Until one Friday afternoon, something happened which revealed a power imbalance that needed to be challenged. On 4th December 2015 – out of nowhere – a pay and display meter appeared in Iceland’s car park. The 24-hour car park, which had always been free, now required users to pay £1, for a maximum of one-hour parking, and to spend over £5 in Iceland to get the money back.
Woodley’s local community was shocked by this decision having been made with absolutely no consultation or consideration for how would affect shoppers and traders in the area, and immediately started sharing their concerns with one another.
One of the businesses to be affected by this decision was Start Point coffee shop, a social enterprise, and home to a number of community organisers at the time. One of these organisers, Nicola, explained that because the meter appeared on a Friday afternoon, one of the busiest places at that time was the local chippy, so an impromptu community meeting took place there:
“If you ever want to get a load people in Woodley together, you go to the chippy at about five o’clock on a Friday! People felt quite angry about it.”
The main issues that the community was concerned about were the fact the there was no recognition of blue badge holders with the new pay and display system, and there was a one-hour limit placed on parking. This stood in stark contrast with the community’s collective identity, as Nicola explained:
After this initial expression of collective anger, with no central body such as a traders’ association to go through, the conversation moved online, to various local community groups and pages. One local resident named Paul set up a Change.org petition which gained hundreds of signatures over the weekend.
On Monday 7th December, Nicola and her fellow community organiser Laura hosted a public meeting, bringing together all of the businesses who were concerned about the car parking charges. As a collective, they employed a number of tactics to shift the power away from Iceland and put pressure on them to reverse the changes they had made.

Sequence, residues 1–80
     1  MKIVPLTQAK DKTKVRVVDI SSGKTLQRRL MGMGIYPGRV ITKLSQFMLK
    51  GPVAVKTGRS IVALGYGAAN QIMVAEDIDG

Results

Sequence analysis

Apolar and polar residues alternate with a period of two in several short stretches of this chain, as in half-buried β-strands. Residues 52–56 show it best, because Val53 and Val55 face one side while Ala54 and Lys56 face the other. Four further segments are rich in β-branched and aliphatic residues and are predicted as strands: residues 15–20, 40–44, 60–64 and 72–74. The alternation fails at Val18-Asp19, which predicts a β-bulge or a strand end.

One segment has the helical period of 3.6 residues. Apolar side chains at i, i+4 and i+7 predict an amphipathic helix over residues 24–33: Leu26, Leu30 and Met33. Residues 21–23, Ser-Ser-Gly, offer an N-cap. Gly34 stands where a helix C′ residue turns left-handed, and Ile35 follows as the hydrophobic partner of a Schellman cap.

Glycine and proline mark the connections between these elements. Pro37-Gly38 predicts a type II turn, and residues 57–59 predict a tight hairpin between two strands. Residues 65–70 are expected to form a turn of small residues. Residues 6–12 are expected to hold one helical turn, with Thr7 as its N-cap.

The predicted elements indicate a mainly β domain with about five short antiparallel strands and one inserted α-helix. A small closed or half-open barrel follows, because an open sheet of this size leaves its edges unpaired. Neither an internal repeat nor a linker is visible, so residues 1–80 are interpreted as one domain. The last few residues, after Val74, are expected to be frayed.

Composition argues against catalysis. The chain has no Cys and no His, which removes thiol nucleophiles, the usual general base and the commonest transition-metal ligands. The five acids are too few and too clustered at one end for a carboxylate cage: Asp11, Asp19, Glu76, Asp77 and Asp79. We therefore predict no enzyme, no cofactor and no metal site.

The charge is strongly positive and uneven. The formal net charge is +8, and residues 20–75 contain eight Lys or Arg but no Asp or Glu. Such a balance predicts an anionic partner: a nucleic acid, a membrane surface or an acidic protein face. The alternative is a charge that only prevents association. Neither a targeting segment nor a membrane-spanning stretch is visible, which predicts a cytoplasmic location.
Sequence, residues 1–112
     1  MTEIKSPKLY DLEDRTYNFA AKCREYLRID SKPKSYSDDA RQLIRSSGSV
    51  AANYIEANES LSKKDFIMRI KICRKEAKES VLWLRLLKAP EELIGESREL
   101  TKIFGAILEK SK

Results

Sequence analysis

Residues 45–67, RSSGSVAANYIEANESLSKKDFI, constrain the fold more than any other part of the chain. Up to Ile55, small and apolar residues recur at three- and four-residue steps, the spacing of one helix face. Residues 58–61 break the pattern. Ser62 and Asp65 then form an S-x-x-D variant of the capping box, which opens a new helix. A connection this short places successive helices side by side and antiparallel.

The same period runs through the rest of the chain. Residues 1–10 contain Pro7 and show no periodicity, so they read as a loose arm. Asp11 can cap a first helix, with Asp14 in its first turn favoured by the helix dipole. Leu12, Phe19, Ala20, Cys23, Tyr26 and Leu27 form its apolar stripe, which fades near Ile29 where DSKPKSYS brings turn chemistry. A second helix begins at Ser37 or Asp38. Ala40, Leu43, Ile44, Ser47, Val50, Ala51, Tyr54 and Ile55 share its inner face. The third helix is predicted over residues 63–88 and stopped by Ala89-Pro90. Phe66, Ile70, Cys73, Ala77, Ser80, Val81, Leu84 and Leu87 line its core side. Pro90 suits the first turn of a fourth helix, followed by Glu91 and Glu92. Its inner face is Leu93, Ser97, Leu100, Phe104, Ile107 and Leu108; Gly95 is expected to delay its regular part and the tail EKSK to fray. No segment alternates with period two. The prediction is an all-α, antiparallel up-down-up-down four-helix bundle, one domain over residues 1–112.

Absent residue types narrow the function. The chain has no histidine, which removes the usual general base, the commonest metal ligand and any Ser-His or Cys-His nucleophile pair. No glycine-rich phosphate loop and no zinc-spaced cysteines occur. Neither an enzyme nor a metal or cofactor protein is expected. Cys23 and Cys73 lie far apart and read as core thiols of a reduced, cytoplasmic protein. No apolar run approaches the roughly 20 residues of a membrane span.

They worked with a local filmmaker to create a short video to share on social media, recognising that, as had been observed over the weekend, social media was a place they could exercise more power, at a faster rate, than through traditional media channels. In the video, one of the leaders who emerged throughout the campaign, Rebecca, mentioned loneliness and social isolation as being one of the key potential consequences of the one hour limit on car parking, which reportedly struck a nerve with Iceland’s chief executive Malcolm Walker.
By Wednesday 9th December, there was a bin bag over the meter, signalling that in less than a week, a group of traders who had previously been at best disinterested, and at worst, in competition with one another, were able to force the hand of a national supermarket chain through their personal and collective power.
But the story didn’t end there. It later transpired that Iceland had been breaching their lease to the council by charging for parking. Coupled with the newly strengthened relationships amongst Woodley’s community, Nicola reflected that the sharing of this information about Iceland’s lease was crucial to ensuring lasting change following the campaign: “I didn’t realise how important it was for us to know about the lease. It’s taught me we need to fight for transparency. The fact that we have that info means no-one can ever charge for parking again.”
Throughout the campaign, Nicola had been warned by some about the dangers of challenging the power of a large business in Woodley, because “small traders need Iceland”. However, the events that unfolded paint a different picture, as Nicola explained:
“What we found is that actually, Iceland needs the small businesses equally, if not more than us.”